Writing to Listen

Michelle Buntain, Writing Consultant

You’ve been staring at a blank page for a while now, willing the words to come. You’ve read over the prompt twice, three times, four times. The coffee is helping you stay energized, but all the coffee in the world won’t get this paper written. Neither will procrastinating

You know this; and yet, despite all your concentration and force of will, the words will not come. Before long, that familiar feeling begins to set in: panic.
Many people associate writing with a certain level of anxiety. We usually write for an audience who is going to judge us in one way or another – the paper you’re writing for class; the job application you’re working on; the text to a potential love interest. Writing forces us to put our inner lives out on display, and that can be incredibly intimidating.

As students and as scholars, we use our internal resources on a daily basis. Writing requires us to generate not just thoughts, not just sentences, but full, comprehensive, cohesive ideas. On top of that, we don’t even get to choose what we write about; in the academic world, we are almost always writing according to someone else’s stipulations. Nearly every day, somebody expects something from you, and you must deliver.

But focusing too much on what others are thinking is the most counterproductive thing for someone in an academic setting to do.

If we are obsessing over what is expected of us, it becomes nearly impossible to stay in touch with our own insights. Trying to balance what we really think with what we are “supposed” to think is a losing man’s game.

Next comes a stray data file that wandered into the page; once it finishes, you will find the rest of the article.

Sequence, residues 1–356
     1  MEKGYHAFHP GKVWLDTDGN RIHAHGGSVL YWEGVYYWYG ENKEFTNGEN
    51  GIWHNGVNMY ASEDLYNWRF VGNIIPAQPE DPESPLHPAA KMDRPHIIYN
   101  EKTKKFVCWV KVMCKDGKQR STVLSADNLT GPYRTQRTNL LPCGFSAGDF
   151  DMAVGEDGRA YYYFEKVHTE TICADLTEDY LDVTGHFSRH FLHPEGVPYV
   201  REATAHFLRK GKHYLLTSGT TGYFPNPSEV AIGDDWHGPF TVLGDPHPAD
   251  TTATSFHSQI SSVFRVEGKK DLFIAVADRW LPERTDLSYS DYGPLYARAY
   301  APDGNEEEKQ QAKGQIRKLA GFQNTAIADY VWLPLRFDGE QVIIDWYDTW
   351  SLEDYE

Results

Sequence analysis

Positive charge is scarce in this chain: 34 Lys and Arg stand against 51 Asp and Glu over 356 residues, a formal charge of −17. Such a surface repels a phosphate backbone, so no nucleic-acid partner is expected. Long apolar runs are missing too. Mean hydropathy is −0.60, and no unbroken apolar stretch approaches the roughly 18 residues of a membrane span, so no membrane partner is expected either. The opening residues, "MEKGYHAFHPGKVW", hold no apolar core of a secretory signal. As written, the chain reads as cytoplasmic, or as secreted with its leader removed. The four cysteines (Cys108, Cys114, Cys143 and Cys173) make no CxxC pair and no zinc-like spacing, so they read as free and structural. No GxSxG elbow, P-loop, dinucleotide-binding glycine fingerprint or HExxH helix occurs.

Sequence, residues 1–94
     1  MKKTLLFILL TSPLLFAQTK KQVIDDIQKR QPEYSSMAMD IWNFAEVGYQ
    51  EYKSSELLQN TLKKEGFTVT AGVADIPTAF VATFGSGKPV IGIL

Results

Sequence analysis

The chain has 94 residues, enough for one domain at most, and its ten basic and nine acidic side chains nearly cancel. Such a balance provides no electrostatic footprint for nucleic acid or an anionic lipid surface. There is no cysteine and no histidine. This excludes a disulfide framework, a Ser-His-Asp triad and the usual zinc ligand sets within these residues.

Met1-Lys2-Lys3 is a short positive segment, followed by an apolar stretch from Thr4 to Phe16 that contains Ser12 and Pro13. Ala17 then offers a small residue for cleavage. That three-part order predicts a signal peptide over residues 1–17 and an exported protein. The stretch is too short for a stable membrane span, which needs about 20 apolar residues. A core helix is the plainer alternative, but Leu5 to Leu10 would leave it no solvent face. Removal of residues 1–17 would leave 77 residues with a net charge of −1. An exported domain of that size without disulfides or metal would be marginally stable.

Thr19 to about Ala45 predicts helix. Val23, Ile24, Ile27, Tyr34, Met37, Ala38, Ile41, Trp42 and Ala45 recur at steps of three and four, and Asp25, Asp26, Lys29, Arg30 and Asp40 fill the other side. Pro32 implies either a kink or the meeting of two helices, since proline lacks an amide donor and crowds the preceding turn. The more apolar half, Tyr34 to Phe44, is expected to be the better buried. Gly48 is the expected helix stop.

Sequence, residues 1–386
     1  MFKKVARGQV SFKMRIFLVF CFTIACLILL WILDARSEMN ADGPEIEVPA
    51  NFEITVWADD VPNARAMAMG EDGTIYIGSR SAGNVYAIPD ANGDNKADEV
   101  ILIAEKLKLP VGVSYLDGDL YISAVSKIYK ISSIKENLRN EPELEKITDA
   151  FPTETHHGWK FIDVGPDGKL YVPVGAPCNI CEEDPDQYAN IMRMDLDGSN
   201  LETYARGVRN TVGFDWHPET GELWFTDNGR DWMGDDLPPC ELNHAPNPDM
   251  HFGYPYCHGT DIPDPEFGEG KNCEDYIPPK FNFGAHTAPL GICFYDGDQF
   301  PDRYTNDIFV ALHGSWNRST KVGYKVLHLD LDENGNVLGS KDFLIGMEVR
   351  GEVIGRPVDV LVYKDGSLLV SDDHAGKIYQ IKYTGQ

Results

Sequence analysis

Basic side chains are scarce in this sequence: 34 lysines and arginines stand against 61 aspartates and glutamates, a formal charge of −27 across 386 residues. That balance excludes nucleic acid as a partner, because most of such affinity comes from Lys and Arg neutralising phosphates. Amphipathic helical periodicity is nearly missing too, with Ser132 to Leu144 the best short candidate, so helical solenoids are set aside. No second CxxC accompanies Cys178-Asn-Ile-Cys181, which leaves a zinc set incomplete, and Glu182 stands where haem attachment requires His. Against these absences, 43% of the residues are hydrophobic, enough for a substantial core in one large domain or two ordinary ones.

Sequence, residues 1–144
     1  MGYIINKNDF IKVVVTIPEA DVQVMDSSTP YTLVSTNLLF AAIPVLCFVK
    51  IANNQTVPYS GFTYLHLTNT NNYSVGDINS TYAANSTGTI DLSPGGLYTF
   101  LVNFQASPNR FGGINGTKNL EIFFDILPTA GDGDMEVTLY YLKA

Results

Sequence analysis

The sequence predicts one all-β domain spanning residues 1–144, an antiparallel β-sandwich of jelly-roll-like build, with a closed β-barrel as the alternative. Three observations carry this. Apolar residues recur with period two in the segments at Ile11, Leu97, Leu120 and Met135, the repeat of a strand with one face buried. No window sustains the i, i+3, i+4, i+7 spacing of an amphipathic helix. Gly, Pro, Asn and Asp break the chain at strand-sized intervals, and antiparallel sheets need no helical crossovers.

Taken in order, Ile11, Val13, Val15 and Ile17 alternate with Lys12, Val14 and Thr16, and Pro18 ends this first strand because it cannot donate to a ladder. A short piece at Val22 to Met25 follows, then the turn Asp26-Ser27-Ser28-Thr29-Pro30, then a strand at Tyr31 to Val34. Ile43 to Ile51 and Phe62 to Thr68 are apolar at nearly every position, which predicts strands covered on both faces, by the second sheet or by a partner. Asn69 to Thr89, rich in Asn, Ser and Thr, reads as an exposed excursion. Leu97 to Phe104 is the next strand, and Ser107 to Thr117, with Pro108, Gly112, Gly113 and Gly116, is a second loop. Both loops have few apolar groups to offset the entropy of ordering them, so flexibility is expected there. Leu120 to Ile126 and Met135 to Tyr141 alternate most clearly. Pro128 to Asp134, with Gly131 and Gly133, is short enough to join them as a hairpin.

So, here is my challenge to all the frustrated writers out there: ask yourself, when was the last time you sat down to write without worrying about who was going to read your work? If you can’t remember, do yourself a favor: take a breath, take a seat, and just start writing. Don’t think too much. Don’t judge yourself. Don’t edit; don’t erase. No one else has to see it. There doesn’t have to be a purpose – no assignment, no thesis, no one to impress. Just write until you can’t write any more.

Maybe you wrote about something important; maybe you didn’t. Maybe you just ended up making a to-do list — it doesn’t matter. The point is to acknowledge yourself, to listen to what you have to say. It’s easy to get so wrapped up in listening to others that we forget to listen to ourselves. But if we don’t listen to ourselves, why should anybody else?

Every now and then, allow yourself the courtesy that you show others: don’t think, don’t judge. Just listen.

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